The police were baffled to find no clues to who the perpetrator could be. The driver-cum-owner was in the clear, reporting the theft of his cab from outside of a tea-shop in the evening before.

Before long they had cracked the case, as always. DNA-matched nail-clippings found on the floor of the cab served as clinching evidence for conviction.


Try This If You Have A Minute

A rapist, a gangster and a murderer are riding by a car…

Bunnot 1

Who is driving the car?


See in the comment if you wish to know who it is!!
Credits: (joujou man from Gambia ) and image from

A Perfect Murder!

I have taken to ‘crime’ with this story – my attempt to add to the lore of perfect murders that never failed to hold their audience in a spell! Your inputs are most welcome. Here you go:

The boy from the Nair’s tea-stall came in to clear away the cups and collect money. The young man was suddenly all attention as I cleared my throat and started off:

You caught me at a wrong time, my friend. But not to worry, you won’t go back disappointed. I’ll tell you this much:

This happened some thirty years ago. When it did, for a few days it was the main fodder for the newspapers of the town only to fade away from the public eyes shortly after and gather dust in the police records as an unsolved crime.

On that day, a couple of hours after the day-break, Ramesh’s body with the head bludgeoned was discovered a little distance away on the far side of the town road that sped past the village at its fringe, expectedly causing quite a commotion among the villagers. Though raw emotions were abundantly on display on numerous occasions, a violent end of this kind was unprecedented in living memory for the village.

To begin with, it had appeared as an open and shut case for the Aet (Head Constable). His stars were certainly on the ascent as he was moving into a different league now with this crime. So far the most action seen by the Aet were at best (or is it ‘at worst’?) incidents of aggressive posturing that never even developed into heady brawls and blows. Perhaps this was the key to the golden door of promotion for him?

To speculate, nay, to suspect, it could have been his neighbor Reddy who had alleged Ramesh had diverted canal waters from flowing into his farm. Recently events had taken an ugly turn that led Reddy to file a complaint with the police against Ramesh. Or the advocate Ramalingam of the Blue House, whose fortunes were bleaker than his single black-coat? He had taken to betting on horses rather than grapple with clients and cases in the courts for some fees in small-change. The horses running to a different beat were less than obliging, pushing the ever-hopeful Ramalingam deeper into the consuming embrace of Ramesh. As the debts mounted, Ramesh had begun calling in his dues, much to the advocate’s great discomfort.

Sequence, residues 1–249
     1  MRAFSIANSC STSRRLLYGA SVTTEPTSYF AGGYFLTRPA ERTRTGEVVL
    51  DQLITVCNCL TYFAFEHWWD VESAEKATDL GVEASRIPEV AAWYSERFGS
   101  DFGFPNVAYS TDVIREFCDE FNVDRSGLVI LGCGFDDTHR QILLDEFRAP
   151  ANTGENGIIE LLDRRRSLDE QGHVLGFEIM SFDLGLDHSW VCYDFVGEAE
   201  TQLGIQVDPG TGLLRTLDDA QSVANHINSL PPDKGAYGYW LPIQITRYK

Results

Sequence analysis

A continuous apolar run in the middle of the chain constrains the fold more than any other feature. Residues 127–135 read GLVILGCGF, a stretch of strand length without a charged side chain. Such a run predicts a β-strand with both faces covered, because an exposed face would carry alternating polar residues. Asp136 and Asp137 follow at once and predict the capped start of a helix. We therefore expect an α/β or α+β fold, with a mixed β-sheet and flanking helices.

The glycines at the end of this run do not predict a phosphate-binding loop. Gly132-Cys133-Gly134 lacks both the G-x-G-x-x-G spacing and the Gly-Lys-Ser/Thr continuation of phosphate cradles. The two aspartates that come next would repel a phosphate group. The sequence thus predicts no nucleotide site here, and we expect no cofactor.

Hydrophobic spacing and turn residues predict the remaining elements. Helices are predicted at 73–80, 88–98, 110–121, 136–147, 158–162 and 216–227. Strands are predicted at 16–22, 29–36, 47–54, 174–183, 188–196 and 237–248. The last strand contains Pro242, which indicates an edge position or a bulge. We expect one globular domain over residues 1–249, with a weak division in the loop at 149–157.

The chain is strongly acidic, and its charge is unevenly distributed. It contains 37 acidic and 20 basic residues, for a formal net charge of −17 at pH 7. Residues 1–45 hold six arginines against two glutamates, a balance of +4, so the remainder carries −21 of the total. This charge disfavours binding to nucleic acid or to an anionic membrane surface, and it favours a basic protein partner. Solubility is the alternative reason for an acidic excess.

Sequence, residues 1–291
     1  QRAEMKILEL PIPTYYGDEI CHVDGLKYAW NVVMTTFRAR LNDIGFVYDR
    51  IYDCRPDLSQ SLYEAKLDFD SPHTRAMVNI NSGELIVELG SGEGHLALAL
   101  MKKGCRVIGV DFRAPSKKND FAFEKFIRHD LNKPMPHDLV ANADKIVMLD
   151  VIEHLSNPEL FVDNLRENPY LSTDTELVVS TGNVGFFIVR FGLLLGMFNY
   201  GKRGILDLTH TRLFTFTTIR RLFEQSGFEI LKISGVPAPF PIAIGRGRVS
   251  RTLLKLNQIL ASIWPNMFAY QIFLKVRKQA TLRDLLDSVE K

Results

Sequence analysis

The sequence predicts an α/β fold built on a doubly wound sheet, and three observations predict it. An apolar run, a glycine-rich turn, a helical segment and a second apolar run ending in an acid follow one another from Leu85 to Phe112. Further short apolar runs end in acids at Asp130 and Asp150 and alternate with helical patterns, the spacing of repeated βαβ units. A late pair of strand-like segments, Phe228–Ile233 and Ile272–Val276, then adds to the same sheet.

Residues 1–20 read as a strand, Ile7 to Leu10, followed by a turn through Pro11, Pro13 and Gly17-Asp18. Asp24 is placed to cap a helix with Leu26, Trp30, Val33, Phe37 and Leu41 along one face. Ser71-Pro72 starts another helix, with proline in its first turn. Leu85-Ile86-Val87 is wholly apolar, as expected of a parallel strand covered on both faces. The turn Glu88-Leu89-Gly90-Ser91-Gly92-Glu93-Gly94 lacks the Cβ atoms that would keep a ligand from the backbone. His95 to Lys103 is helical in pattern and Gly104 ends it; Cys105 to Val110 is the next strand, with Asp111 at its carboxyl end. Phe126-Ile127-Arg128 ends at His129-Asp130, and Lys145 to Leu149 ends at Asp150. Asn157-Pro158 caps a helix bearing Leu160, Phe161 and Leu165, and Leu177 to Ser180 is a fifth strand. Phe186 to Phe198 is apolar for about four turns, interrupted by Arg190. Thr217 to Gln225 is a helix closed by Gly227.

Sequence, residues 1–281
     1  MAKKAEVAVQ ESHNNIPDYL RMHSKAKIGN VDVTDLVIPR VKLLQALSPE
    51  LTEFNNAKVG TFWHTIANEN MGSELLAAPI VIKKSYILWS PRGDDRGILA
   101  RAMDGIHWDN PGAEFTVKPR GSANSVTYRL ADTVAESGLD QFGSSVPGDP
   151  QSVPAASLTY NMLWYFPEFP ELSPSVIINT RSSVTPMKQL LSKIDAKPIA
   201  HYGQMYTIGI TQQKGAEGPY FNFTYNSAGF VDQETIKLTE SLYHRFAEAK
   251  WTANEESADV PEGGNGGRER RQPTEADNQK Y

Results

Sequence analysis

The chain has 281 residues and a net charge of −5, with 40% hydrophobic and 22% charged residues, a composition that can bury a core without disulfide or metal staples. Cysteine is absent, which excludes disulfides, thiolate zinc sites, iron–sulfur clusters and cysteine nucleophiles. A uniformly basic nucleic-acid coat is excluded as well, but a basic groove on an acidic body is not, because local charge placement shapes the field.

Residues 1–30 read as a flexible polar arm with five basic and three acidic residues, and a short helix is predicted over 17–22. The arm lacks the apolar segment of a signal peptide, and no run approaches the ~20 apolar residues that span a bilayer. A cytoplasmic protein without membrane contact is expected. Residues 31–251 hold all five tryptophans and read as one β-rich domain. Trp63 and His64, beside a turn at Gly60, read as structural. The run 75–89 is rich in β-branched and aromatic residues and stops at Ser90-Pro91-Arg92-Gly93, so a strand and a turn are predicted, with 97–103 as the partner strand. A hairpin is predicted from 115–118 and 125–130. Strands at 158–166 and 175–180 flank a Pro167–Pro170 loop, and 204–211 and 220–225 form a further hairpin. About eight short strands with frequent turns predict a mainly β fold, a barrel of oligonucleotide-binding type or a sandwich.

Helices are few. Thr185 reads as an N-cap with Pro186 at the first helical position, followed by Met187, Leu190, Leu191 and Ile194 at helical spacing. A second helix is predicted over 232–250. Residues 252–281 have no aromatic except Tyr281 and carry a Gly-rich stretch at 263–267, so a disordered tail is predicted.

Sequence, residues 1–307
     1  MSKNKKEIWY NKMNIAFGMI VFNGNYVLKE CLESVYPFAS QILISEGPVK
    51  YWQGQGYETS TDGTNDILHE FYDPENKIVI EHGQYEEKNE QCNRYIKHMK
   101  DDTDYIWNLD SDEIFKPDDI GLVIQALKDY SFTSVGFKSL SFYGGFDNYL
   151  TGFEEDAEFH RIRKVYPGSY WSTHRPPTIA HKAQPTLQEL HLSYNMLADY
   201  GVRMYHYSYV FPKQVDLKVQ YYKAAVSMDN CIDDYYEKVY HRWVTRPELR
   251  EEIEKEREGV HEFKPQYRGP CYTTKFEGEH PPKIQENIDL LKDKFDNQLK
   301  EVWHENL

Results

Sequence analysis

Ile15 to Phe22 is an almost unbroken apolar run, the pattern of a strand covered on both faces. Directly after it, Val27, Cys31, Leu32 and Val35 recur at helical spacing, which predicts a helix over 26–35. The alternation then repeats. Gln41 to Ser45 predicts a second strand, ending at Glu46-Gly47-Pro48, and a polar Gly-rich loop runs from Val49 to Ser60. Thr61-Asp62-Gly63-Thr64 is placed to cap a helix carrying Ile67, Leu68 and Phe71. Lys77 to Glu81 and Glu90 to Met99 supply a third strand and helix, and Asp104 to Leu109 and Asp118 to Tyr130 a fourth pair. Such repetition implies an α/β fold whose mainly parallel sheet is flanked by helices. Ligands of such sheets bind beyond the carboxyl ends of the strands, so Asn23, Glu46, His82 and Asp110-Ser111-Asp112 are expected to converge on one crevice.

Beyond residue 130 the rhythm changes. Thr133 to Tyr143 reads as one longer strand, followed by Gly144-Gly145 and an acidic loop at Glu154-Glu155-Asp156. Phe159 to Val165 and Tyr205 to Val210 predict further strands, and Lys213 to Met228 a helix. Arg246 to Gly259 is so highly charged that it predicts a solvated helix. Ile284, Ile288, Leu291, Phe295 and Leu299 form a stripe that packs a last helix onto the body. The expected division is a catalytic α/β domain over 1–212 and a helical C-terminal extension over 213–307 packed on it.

Besides Reddy and Ramalingam, well, it could have been any of a half-a-dozen other guys with enough motives to ‘stick it’ into Ramesh’s back. An arduous task of investigation now seemed to be on the cards for the Aet drawing out beads of perspiration on his furrowed forehead.

But then fate chose to favor and not unduly vex the stretched Aet. Like how? Prints of a right foot of an adult in stride, though somewhat smudged, were still visible in stretches from the spot where the body was found up to the road. It was enough to stump any man of intelligence. Killers however accomplished didn’t walk distances without putting the left foot down. Though he did not have the benefit of Conan Doyle’s oft-quoted words of wisdom, the Aet’s native intelligence rose to the occasion working on the same principle: “When you have eliminated all which is impossible, then whatever remains, however improbable, must be the truth.”

It all pointed to none other than Thangarasu, about whom he made inquiries. As the main grocery shop-keeper in the village, Thangarasu was no less hated by all for his sharp practices including clever adulteration and overcharging. He had lost his left leg some years ago in an accident on the town road. Over the years he had gotten used to walking with a wooden crutch. Someone had advised him to go for fitting out a ‘jaipur’ and get rid of the crutch. He had not come around to it yet.